“In a series of essays, this work covers the history of photographs and films as documentation—in legal, cultural, and scientific fields. The essays span an extensive range of historical periods (from the Victorian period to contemporary times) and technological advances. Discussions include the daguerreotypes used as visual evidence in the Victorian-period Tichborne Claimant trial; how color photography was varyingly perceived and adopted by Great Depression-era photographers; the implications of art museum and other nonprofit partnerships with for-profit companies, such as Corbis, during the advent of the World Wide Web; and the utilization of digital techniques to help researchers perceive the electromagnetic light spectrum of Martian landscapes captured by robotic "eyes." The overarching thesis of the collection is that as enticing as it is to consider photographs and films as static representations of time and place, physical and digital manifestations are not immune to documentary, observer, cataloging, or archival biases…. Recommended.”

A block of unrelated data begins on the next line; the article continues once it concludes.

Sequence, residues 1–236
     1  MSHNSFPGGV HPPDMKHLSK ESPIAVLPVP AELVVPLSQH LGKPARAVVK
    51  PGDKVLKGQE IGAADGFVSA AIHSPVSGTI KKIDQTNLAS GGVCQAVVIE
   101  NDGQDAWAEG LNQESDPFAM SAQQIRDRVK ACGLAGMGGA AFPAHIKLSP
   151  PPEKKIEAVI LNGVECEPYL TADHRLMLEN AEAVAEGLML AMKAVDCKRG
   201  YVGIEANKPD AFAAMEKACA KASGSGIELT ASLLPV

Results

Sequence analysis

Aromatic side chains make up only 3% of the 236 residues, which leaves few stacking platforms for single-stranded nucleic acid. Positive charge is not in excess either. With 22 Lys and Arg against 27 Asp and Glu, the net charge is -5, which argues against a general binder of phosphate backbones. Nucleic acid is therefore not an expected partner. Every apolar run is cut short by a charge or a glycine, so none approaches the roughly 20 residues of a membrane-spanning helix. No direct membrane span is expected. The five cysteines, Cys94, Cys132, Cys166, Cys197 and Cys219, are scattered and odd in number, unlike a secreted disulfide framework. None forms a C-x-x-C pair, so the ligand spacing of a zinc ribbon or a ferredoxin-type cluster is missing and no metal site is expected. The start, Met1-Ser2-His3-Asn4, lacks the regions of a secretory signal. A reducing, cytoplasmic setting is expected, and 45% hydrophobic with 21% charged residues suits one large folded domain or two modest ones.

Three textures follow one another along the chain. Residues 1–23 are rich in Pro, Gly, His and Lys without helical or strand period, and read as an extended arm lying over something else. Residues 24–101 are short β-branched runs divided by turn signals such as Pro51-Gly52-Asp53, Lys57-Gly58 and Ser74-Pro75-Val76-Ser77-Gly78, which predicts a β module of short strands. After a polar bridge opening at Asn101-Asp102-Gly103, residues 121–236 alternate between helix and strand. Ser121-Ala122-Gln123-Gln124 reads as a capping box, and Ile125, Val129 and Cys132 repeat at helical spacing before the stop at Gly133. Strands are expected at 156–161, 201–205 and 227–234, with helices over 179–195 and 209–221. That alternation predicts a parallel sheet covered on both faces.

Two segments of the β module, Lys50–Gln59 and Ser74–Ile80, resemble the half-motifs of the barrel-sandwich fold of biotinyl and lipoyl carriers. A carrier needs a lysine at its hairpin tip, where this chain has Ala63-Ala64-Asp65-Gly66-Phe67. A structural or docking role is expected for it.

“Too little attention is paid to what we gain when we pay attention to the history of photography and documentary film. Happily, editors Mitman and Wilder show us how still and moving images can significantly deepen our grasp of the evolution of scientific work; they have gathered together here an impressive group of distinguished scholars across the fields of science and visualization. We have needed a book like Documenting the World for many years—I have no doubt that it will prove to be an important addition to existing scholarship.”

Peter Galison, Harvard University